For the record, I’ve never been happy with labelling a web feed as RSS: particularly as it is often used as a generic term for feeds using other technologies (such as Atom).
However I am yet to be convinced by the arguments for using different terms. Certainly I agree there is a need for better labelling, but some of the suggestions I’ve heard so far seem inadequate.
Also there seems to be a bit of a confusion of two issues: accurate labelling and appropriateness for the audience.
- The Guardian newspaper has apparently renamed it’s feeds from ‘rss’ to ‘webfeed’. This is an example of accurate labelling.
- Copyblogger wrote about the huge benefits of changing from ‘Subscribe by rss’ to ‘Get jobs by rss’. This is an example of appropriateness.
I’ve been involved in a discussion on Twitter that seems to be confusing the two. When I queried the usefulness of the first example I was pointed to the second as an answer. But these are not the same; in fact Copyblogger retains the use of ‘rss’.
My point is that if the feed is an RSS one then labelling it as such is accurate. It doesn’t help people who don’t understand what RSS is, but neither – I suspect – does ‘webfeed’. ‘Webfeed’ may be more generic, but it’s not more accurate; it may be more descriptive to some but it will be less so to others (particularly those who do understand the differences between various feed technologies).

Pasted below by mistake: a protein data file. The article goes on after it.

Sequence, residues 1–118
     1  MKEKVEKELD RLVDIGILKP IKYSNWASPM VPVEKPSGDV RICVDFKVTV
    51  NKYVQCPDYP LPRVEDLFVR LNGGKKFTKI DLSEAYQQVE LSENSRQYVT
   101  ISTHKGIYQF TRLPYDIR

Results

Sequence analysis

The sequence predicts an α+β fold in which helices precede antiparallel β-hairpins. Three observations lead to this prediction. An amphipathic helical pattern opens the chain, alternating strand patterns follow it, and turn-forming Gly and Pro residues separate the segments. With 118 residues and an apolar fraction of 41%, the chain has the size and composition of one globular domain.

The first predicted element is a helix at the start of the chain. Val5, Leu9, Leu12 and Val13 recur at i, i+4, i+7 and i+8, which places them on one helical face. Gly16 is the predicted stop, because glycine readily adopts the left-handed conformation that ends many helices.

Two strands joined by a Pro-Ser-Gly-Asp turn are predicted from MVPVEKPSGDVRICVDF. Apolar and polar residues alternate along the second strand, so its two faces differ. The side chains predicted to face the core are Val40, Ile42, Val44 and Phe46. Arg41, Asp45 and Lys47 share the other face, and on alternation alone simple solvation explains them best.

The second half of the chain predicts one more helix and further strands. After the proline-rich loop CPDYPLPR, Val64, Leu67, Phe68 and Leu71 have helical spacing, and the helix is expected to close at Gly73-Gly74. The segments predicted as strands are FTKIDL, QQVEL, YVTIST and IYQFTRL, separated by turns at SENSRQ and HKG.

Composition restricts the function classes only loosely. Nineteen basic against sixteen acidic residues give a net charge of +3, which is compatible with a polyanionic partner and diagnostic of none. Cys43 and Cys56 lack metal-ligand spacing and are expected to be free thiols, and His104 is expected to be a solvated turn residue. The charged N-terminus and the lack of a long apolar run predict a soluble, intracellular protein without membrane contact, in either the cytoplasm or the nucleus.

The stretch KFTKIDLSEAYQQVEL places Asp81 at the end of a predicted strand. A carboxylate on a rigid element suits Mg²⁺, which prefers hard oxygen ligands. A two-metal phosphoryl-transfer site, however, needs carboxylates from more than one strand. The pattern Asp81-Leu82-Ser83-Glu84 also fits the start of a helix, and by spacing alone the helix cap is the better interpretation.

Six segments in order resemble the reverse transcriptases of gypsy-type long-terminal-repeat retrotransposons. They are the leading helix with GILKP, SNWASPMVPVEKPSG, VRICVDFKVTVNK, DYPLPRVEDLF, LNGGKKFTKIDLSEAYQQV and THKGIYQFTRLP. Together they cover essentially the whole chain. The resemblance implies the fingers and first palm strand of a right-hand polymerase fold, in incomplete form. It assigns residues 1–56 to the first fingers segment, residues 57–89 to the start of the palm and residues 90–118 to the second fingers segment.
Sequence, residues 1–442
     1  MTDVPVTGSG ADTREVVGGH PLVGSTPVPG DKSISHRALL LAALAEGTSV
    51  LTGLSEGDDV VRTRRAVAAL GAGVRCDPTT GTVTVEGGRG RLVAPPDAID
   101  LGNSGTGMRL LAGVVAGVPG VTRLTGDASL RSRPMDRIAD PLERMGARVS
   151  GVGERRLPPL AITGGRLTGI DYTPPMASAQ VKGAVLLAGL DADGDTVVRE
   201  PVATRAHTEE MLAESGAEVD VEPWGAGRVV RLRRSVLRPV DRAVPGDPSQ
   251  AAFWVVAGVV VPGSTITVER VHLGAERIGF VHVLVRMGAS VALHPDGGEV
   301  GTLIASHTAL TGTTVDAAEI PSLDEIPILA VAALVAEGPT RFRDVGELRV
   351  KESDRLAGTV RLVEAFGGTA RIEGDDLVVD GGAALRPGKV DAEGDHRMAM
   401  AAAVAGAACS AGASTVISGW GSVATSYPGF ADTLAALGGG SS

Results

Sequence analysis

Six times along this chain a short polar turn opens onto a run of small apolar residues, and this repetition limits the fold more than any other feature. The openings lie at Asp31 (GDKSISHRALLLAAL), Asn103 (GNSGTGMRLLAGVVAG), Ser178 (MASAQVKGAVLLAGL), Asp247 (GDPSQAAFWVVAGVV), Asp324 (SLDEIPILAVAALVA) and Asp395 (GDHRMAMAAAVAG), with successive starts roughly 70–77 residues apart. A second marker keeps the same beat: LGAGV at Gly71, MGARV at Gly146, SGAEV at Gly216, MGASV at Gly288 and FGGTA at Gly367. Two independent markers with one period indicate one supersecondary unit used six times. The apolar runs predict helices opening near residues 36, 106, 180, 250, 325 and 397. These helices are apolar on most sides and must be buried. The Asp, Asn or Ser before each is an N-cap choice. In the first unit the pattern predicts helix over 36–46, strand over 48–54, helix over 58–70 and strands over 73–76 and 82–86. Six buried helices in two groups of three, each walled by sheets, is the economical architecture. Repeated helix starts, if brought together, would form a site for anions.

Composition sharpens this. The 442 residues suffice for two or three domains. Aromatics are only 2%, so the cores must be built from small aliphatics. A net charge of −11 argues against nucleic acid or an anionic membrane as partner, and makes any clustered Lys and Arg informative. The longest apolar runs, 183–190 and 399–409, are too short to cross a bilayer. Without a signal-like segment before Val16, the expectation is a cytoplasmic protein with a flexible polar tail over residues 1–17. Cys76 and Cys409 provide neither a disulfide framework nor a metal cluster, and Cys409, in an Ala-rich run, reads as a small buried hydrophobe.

Perhaps ‘webfeed (rss)’ would be better. For example:
imagine a recipe that stipulates ‘flour’ as an ingredient. It may not matter which type of flour is used, but if one isn’t specified – or no explanation is given – many people will be left feeling uneasy: is the type of flour really irrelevant or is the author guilty of shoddy writing?
There is also the closely related issue of helping people to understand the usefulness of feeds. Trouble is the concept is a hard one to grasp, and relies on an understanding of lots of other concepts first.
For example, my parents do not have an innate understanding of the web or of using computers. If I were to try and explain to them the benefits of RSS over email I would have to go back quite a number of steps: in fact, right back as far as the difference between Word, their browser, and their operating system.
This is because without an understanding of how information connects and relates on the web and on their computer it is very hard for them to appreciate what’s going on, and in turn what the benefits are.
But the discussions about labelling are good food for thought, and it’s heartening to know that people are experimenting with ways of improving their online communication.